Tamsin Grainger walks forageable and forbidden places near her home in Edinburgh.
“To seek for that, which hardest is to find.”
(Poems, and Fancies by Margaret Cavendish (1623-73)
The strip of nature opposite my house has a fence around it and no gate, so I must collect the old IKEA plastic stool from underneath the new plants in my back yard and use it to balance, rather precariously it must be said, and clamber over. For I have the Right to Roam here in Scotland, and I spy bounty for my bowl.
All manner of wildlife pad along the closely mowed grassy strip on the other side when they think we’re not watching. Seagulls and planes soar overhead, screeching and thrumming the air. There is a bench on the pavement, and the folk who sit there to gaze at the view often strew rubbish along the length of this hardly-a-lawn, despite the plastic bags I and my neighbour put out for the purpose. Thus, I first collect the detritus (I remembered my tough gardening gloves this time) and fill the bag. Then I drag it, vodka and beer dregs dripping through the hole in the bottom, leaving a gooey and not-so-fragrant trail, across the road to dismantle and sort for the recycling.
During the pandemic, the un-nameable grasses grew tall for the lack of Council mowing, and were visited by moths and butterflies I’d never seen there before. I did take photographs, but didn’t document as closely as I now wish I had; the officials deny it ever happened. Perhaps lots of us are doing that, preferring to rewrite the pandemic already, even though people are still dying of Covid.
I crouch with my Tupperware, braving the nettles which sting to remind me they’re there. I am gathering Brambles to go with the slightly withered apples on my sideboard, and, later, savour the pungent scent of their blackberry-stained and softened flesh, topped by dollops of yoghurt the colour of sparrow eggs. Once my pot is full and I have eaten my fill, I reverse the balancing act, half toppling back over the fence, and secrete my gifts behind the hedge where the moggy likes to hide and watch at the same time.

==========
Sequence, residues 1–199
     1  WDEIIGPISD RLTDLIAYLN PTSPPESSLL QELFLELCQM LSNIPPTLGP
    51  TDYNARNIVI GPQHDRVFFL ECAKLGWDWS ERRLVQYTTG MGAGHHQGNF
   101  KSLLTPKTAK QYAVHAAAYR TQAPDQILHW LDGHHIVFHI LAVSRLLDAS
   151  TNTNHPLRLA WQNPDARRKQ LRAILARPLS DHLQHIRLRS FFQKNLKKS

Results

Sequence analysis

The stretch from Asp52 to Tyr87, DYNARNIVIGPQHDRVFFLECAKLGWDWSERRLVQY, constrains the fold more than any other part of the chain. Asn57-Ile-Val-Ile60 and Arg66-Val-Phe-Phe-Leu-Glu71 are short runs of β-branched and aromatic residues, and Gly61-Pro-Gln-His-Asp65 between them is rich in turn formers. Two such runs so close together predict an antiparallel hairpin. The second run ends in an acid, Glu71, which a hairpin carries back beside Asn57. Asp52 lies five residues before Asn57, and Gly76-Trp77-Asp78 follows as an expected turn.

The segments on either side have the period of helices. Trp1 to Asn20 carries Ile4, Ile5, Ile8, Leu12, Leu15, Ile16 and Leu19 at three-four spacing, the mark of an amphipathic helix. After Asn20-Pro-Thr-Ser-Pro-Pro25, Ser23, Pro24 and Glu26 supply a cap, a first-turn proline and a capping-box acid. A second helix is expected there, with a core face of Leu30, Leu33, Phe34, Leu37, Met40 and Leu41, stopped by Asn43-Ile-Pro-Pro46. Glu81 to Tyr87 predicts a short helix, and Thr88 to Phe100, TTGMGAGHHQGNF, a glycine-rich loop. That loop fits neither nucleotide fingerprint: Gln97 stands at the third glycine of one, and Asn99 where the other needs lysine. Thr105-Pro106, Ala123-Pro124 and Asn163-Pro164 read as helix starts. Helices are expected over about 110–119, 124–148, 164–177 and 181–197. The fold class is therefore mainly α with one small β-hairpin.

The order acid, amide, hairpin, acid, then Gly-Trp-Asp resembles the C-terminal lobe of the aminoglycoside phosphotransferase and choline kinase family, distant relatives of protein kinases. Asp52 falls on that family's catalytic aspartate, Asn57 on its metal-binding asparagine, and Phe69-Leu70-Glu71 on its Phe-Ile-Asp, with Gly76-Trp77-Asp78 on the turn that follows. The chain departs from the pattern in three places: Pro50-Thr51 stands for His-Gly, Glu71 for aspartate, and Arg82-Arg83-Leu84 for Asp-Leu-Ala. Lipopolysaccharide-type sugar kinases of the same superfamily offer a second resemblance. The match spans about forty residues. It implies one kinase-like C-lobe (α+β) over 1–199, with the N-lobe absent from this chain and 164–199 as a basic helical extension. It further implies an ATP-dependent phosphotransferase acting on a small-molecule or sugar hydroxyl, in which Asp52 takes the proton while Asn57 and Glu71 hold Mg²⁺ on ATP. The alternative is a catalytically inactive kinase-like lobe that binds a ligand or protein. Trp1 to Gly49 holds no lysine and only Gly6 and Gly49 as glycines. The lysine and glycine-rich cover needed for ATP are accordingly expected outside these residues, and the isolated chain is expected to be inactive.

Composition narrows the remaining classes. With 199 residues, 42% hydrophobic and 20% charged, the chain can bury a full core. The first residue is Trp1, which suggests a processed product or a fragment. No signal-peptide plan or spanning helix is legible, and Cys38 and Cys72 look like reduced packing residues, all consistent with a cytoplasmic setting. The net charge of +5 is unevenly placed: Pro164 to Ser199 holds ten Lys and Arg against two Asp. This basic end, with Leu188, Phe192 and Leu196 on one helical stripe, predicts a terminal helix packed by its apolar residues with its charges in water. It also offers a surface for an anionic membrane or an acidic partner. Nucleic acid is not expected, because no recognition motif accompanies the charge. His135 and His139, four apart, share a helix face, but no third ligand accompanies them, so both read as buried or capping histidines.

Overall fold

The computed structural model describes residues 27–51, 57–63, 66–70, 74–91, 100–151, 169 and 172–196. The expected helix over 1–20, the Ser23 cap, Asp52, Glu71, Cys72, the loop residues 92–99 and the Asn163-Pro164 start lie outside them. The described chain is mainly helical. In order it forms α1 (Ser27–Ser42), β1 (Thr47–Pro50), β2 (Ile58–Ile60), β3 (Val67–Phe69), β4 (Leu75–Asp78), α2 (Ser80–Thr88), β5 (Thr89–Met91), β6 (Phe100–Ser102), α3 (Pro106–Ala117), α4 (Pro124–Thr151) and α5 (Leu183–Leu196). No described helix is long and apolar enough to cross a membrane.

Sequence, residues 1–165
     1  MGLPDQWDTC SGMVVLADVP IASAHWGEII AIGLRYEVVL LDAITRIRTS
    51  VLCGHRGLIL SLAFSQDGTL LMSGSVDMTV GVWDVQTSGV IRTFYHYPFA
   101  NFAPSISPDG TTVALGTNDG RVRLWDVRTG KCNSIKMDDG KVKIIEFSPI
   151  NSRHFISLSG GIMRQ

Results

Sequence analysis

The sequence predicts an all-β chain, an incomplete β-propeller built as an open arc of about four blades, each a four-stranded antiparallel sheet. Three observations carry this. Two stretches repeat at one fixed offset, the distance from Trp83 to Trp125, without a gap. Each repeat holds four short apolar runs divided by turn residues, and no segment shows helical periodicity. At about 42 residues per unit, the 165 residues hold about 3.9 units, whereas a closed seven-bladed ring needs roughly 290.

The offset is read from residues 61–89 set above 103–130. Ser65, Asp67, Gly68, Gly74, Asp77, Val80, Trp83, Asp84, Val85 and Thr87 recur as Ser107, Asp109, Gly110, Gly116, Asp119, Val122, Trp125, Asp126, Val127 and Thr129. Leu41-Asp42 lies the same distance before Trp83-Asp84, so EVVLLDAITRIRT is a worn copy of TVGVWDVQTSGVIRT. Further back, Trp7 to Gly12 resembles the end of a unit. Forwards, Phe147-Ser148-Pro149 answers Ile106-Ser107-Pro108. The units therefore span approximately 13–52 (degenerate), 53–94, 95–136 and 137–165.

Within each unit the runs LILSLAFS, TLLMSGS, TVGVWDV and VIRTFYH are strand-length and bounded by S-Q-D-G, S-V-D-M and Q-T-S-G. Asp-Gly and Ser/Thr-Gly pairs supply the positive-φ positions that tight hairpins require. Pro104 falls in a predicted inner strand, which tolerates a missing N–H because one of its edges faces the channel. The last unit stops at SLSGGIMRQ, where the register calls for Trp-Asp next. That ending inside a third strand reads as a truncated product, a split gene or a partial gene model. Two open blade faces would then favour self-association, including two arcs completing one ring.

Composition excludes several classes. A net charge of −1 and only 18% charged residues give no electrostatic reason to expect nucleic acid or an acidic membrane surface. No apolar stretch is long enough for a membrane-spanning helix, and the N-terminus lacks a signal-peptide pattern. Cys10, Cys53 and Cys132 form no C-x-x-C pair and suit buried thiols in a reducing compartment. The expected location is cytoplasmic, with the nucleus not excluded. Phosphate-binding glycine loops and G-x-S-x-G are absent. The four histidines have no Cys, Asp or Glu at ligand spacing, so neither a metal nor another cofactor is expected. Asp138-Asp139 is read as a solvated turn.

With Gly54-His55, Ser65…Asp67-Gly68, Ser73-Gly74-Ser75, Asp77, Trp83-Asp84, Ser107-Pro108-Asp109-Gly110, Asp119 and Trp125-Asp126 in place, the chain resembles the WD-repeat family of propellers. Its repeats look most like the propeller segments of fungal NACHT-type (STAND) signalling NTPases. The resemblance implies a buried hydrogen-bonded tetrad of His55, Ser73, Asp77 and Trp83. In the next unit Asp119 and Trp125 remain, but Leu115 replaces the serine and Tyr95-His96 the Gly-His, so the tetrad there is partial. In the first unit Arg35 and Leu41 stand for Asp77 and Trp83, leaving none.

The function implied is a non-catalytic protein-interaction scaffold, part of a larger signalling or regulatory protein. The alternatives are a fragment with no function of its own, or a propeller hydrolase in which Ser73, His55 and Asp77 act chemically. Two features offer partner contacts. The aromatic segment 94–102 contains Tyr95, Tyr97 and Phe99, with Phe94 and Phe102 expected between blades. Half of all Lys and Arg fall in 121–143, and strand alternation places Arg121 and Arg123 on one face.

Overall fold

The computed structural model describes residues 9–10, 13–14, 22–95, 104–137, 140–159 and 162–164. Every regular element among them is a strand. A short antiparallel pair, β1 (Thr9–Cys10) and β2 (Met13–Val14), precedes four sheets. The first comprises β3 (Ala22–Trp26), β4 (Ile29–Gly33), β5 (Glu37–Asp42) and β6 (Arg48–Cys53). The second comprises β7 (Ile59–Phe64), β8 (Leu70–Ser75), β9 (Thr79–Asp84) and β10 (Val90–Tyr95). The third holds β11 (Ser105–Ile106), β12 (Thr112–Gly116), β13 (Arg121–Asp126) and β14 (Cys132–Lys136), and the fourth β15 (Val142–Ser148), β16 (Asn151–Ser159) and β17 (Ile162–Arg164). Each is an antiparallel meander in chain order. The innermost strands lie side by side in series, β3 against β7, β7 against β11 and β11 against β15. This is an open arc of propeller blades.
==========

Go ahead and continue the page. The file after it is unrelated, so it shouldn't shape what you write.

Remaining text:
Now I’m up for some trespass!
I skirt the metal border, striding out unhindered. Down the hill between the small striped orange and white pyramids where they’re laying ‘Full Fibre Broadband’ and the decaying remains of the wildflower strip I go. I’m negotiating the roundabout traffic at Granton Square and contemplating the ivy which pushes aside the wooden slats, the oak roots which shove apart tarmac, and the roses overrunning the old toilet block, soon to produce their hips for syrup — delicious vitamin C for the winter.
Turning left, I fancy I spy a fox just sidling around the corner of the self-storage warehouse where a woman couldn’t fit. I imagine I see the tip of a rodent’s tail disappear under railings with no bother at all, and then a ferrety animal — low slung and beige with a tail — dashes across the road. I see it so clearly. On the phone the next day, Mum said maybe it was a stoat (she is used to finding a variety of small beasts on her kitchen floor of a morning, treats from the cat) but although it looked right in every other way it didn’t have a white tummy like the ones on the internet.
Off the main road now, I see that there’s a new Private Land sign gone up and security cameras on the opposite side, but I take my usual route. This harbour has a rich history. The Granton community used to work and play here every day when it was a-buzz with industry, and their voices can still be heard if you listen carefully. Along Chestnut Street and left onto Hesperus Crossway (both new names for old places) and before long, there’s a blockade.